The President's Surveillance Program (PSP) is a collection of secret intelligence activities authorized by the President of the United States George W. Bush after the September 11 attacks in 2001 as part of the War on Terrorism. Information collected under this program was protected within a Sensitive Compartmented Information security compartment codenamed STELLARWIND.

The last presidential authorization expired on February 1, 2007, but some of the collection activities were continued, first under the authority of the Protect America Act of 2007, passed in August of that year, and then under the FISA Amendments Act (FAA), which was enacted in July 2008.

One part of the program was the Terrorist Surveillance Program, which authorized warrantless wiretapping of international communications where one party to the communication was believed to be affiliated with al-Qaeda. The other activities have reportedly included data mining of e-mail messages and telephone call detail records in the NSA call database.

In 2007 the Attorney General publicly acknowledged the existence of other intelligence activities covered under the same Presidential authorizations. The full extent of the President's Surveillance Program was revealed in June 2013, when The Guardian published a highly classified report of the Inspector General of the NSA, describing how the program was established and evolved from September 2001 until January 2007.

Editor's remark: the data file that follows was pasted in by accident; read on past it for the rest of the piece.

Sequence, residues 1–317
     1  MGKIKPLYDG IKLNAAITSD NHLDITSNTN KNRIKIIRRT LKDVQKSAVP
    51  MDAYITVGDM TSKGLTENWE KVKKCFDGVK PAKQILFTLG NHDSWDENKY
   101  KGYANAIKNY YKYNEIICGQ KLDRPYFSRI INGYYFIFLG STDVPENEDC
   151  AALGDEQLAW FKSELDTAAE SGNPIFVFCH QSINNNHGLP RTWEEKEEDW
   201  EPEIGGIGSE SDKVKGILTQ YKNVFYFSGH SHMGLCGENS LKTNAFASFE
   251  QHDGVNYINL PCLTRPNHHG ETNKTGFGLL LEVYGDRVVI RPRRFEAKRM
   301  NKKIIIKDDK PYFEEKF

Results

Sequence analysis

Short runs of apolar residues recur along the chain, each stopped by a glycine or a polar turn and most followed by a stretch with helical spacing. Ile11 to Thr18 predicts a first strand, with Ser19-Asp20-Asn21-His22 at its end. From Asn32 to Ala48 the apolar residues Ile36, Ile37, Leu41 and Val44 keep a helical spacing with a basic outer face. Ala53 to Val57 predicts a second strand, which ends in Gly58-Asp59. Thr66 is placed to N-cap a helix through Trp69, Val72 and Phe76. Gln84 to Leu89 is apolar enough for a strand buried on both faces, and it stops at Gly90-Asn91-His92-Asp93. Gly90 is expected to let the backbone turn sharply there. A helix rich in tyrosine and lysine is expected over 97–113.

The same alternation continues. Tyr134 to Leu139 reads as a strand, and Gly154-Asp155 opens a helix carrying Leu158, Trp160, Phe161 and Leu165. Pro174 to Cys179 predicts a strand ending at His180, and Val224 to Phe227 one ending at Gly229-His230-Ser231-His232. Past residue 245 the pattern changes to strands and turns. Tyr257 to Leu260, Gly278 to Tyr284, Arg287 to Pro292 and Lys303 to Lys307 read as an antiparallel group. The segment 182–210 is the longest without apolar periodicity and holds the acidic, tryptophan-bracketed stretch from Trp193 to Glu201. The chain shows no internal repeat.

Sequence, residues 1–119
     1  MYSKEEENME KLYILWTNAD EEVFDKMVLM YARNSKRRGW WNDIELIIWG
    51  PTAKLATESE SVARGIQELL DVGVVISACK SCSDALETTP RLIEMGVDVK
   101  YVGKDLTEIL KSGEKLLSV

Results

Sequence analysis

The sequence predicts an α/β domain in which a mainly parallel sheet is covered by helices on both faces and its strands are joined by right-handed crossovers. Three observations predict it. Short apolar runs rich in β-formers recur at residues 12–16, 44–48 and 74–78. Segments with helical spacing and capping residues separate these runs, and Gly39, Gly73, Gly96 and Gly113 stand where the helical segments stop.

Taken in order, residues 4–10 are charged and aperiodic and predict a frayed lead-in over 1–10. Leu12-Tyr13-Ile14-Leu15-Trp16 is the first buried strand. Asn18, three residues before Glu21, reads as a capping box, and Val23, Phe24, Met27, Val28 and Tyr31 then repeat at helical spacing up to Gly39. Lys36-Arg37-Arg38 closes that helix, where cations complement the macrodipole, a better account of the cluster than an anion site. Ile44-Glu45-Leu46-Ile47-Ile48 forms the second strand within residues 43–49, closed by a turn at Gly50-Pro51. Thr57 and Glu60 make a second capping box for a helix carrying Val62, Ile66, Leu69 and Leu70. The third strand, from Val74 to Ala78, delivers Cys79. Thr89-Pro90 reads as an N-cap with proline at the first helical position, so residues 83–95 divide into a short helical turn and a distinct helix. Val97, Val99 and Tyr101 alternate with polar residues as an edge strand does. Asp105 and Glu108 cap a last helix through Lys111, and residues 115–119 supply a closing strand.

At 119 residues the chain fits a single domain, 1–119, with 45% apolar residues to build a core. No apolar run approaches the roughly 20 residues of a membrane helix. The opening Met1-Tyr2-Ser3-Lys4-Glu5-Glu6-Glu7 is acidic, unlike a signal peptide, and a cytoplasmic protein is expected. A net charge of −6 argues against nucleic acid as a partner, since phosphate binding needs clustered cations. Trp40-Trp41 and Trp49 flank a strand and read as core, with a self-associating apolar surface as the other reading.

The President's Surveillance Program activities were periodically reauthorized by the President, and were later transitioned to authority granted in the Foreign Intelligence Surveillance Act of 1978 Amendments Act of 2008. The act required the Inspectors General of all intelligence agencies involved in the program to "complete a comprehensive review" of the activities through January 17, 2007, and produce an unclassified report within one year after enactment. The report published on July 10, 2009 concluded that the President's program involved "unprecedented collection activities" that went far beyond the scope of the Terrorist Surveillance Program. The report raised questions over the legal underpinnings of the authorizations, a lack of oversight, excessive secrecy, and the effectiveness of the program. The report concluded that the program was built on a "factually flawed" legal analysis.

Public disclosure of the Terrorist Surveillance Program in 2005 ignited the NSA warrantless surveillance controversy. The other classified aspects of the program had also raised serious concerns within the U.S. Department of Justice over the program's legal status and its potential effect on future criminal prosecutions. This caused conflicts with the White House that resulted in a dramatic confrontation in 2004 at the hospital bedside of the ailing Attorney General, and nearly led to mass resignations of top Justice officials in protest when they were overruled. The report on the program was also released during a period of intense negotiations over proposed language in the Intelligence Authorization Act for Fiscal Year 2010 that would amend the National Security Act of 1947, increasing the requirements for briefing Congress on some classified intelligence programs like this one—President Barack Obama has threatened to veto the bill over that issue.